Narrowing the gap between client and vendor helps address both onshore and offshore team members' FUD. At DoubleClick, we started by building an atmosphere of mutual trust and respect. Some teams had a long history of working together and this atmosphere was already present. Others were just getting started and had to be actively coached to see their common goals and interdependence before they were open to mutual trust and respect.
Overcoming FUD, however, is only one step towards effective offshore outsourcing; doing so helps prevent team members from being de-motivated, but it does not necessarily drive team members to maximize performance. This is really "Motivation 101."
For a refresher on motivation, look at Maslow's Hierarchy of Needs and Herzberg's Dual Factor theory. In short, Mazlow and Herzberg's theories state that meeting the more basic human needs of physiology, safety, and belongingness is necessary to prevent people from being de-motivated, but not sufficient to motivate people to maximize performance. To drive performance, we must go a step further and address higher-level human needs like self-esteem and self-actualization for both onshore and offshore team members...
But this is a topic for another day.
Wednesday, March 09, 2005
I decided to start a blog to encourage an open dialog about issues related to global software development.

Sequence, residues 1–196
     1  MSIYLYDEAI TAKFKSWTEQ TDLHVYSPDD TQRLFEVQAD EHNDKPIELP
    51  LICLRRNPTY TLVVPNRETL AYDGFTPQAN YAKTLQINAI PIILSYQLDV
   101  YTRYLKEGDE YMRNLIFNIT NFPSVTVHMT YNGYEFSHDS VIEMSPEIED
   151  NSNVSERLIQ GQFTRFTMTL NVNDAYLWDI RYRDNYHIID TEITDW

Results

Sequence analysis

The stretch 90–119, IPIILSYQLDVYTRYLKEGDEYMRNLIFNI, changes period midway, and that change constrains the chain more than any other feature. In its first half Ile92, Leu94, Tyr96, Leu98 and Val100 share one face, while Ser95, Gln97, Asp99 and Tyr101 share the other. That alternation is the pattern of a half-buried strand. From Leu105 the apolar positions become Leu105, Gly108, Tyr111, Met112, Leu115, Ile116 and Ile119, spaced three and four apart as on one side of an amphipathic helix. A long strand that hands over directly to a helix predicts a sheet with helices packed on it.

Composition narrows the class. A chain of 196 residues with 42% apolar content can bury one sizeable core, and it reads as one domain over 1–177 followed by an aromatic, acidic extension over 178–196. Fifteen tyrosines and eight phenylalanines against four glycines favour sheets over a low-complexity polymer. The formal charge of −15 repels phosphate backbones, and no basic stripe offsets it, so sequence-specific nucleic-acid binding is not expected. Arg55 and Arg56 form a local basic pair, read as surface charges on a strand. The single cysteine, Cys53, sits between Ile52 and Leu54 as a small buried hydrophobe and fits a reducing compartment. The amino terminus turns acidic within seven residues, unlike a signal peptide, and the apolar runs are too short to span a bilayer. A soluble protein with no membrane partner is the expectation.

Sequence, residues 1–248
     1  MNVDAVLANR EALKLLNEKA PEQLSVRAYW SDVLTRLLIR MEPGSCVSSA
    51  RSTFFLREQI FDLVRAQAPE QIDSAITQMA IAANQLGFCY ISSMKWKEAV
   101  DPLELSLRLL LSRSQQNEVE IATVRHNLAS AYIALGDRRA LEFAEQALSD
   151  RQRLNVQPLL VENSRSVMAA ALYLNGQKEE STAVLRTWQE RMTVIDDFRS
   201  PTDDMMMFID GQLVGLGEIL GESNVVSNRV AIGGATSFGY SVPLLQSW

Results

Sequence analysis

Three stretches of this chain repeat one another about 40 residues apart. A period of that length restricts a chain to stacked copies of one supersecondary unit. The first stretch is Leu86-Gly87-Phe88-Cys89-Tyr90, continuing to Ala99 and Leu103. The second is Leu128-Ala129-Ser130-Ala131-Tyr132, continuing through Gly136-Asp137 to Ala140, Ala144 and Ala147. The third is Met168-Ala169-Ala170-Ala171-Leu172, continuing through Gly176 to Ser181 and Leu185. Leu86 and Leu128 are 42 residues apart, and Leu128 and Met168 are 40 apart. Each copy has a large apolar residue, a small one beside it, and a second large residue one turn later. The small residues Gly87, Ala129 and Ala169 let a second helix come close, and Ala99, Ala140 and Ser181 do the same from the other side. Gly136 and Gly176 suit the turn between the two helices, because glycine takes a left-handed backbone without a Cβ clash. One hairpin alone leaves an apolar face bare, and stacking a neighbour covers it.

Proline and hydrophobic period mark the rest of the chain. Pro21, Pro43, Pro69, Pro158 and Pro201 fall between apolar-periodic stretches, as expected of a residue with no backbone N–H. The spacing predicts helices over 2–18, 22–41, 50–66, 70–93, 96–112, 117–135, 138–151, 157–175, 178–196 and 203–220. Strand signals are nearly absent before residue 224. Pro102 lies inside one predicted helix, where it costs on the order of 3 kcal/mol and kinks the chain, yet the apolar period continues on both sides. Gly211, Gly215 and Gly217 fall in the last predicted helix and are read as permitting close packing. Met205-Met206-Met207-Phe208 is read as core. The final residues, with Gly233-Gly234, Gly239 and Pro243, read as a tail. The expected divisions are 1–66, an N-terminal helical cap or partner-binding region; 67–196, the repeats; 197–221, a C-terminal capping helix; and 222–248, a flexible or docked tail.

For years, large companies have operated software development centers around the world; and many have realized significant returns, as a result. Now, much smaller companies, even emerging companies and startups, are turning to the global development community in search of benefits like lower development costs, increased velocity, improved agility, and access to specialized skills.
These trends are fueling growth in the IT services industry around the World. For instance, The Meta Group predicts a 20% CAGR in the Indian IT services market through 2008. Eastern Europe and China are also rapidly emerging as powerhouses in this segment.
The bottom line is that there is literally a World of options for sourcing development, allowing companies to optimize development and maximize business results. The days of co-located development teams are numbered. It behooves technology professionals at all levels to learn how to be effective in global software development environments.
Please share your thoughts and experiences. In no way do I suggest that I have all of the answers. I will probably make some controversial statements; whether you agree or disagree, I hope you feel comfortable adding your opinion.
I plan to start by capturing my thoughts and observations on offshore outsourcing. My experience with offshore outsourcing started last year, when I joined Doubleclick as VP of Engineering. I am also active in the Society for Information Management NY Metro chapter outsourcing special interest group and the Technology Executives Networking Group, both of which provide much fodder for discussion.